Navigating the World of Food with Restrictions but Not an Allergy
“Is it an allergy?”
This is the question I was asked when I went to a cafe for brunch with some friends and asked for their special without cheese and without the wheat wrap. Just the filling, which was still plenty of food.
I was confused because I didn’t have an allergy, but the question seemed to imply that if I answered “no” that they weren’t going to take it seriously.
Let me back up for a sec. I have irritable bowel syndrome (IBS) which means that certain foods make me sick. No life-threatening allergy here, but I’m going to have a bad day if I eat something that triggers me.
I tried to convey that to the server. I answered that it was not an allergy, but still a serious deal for me.
I try to be scrupulously honest whenever possible, but I feel like the question highlighted a blindspot in our society.
The idea that allergies are the only serious reaction someone can have to a stimulus, food in this case.
I’ve had many people assume I had an allergy when I gave them a list of foods I can’t eat before a dinner party. I’ve had people describe me as having an allergy to others even after I’d explained about my IBS. They told me after that saying it’s an allergy is easier because no one questions it.
The problem is that it continues to normalize that allergies are serious and not having an allergy means you’re fine to eat whatever.
I’ve even known individuals with Crohn’s (a very serious reaction to gluten that can send them to the hospital) to say that they have an allergy to wheat in order to make sure they get the consideration they need.
Everyone knows about allergies. Epi-pen, hives, choking, the whole deal.
However, I’ve been reading about this growing trend of people who choose to exclude certain foods from their diet (such as gluten) to say that they have allergies. They think the restaurant is ignoring their preference, so they force the issue by claiming a health condition.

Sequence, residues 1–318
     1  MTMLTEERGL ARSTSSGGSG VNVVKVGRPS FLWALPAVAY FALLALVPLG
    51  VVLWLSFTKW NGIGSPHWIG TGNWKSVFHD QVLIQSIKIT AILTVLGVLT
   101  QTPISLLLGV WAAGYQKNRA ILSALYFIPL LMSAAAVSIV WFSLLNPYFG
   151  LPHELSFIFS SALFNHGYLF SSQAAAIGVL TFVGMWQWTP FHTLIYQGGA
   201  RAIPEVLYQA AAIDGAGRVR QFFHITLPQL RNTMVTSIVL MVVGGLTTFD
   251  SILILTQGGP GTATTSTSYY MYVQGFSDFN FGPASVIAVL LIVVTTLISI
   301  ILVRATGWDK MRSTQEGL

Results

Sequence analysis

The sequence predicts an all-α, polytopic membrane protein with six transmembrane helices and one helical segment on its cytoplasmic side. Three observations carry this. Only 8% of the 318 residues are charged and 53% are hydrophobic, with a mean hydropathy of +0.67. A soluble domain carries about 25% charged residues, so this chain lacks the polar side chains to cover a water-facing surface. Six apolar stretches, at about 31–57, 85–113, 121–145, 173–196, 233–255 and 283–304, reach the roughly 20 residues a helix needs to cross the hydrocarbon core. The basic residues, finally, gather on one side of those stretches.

This, in turn, has supposedly led to restaurants actually not taking claims of not being able to eat certain foods seriously. If you say it’s an allergy, they have to respect that. But if you just order a dish without the offending ingredients, then they may figure that it’s not a serious thing. I don’t know if that is really the case, but it helps explain the interaction I had.
My friend translated the question for me: “Is some cross-contamination okay or do you need them to use the dedicated cookware?”
Ah, okay. Well in that case, innocent cross-contamination isn’t going to send me to the emergency room. It is an open kitchen after all. However, that doesn’t mean don’t try to keep my food separate.
It seems like there isn’t a code for “it’s not going to kill me, but it will make me have a bad day.”
I don’t eat out at restaurants much for this reason. I don’t want to claim an allergy I don’t have just to get my food restrictions taken seriously. People with actual allergies need that consideration. And I hate lying.
It’s easier to cook at home with ingredients I know are safe.
Sometimes I just want a break though. There are more restaurants and cafes and other food establishments that cater to a food-restricted population in general. Their menus are, by design, safe for people like me. I still often have to ask for alterations because my issues cut across the big categories, but it is easier to make something work.
And sometimes I just want to go to a regular restaurant with some friends. I’m grateful whenever a place is gracious about accommodating my needs, but every time I get asked that question “is it an allergy?” it makes me stop for a moment and assess how serious my problem is.
Am I willing to risk distress today or would I rather exaggerate my disease?
That’s not a choice I want to make. So I’m trying to raise awareness for gastrointestinal disorders when the issue comes up.
My usual response is something like: “It is not an allergy, but I will become ill if there is a significant amount of cross-contamination.”
There is a whole range of gastrointestinal disorders that merit serious consideration but are not allergies. They are no fun to have and even less fun to announce to the whole table when a server asks about my request to alter a dish.
So please, just remember that allergies are not the only serious reaction out there. Some of us just don’t want to spend the next 3 hours in a bathroom.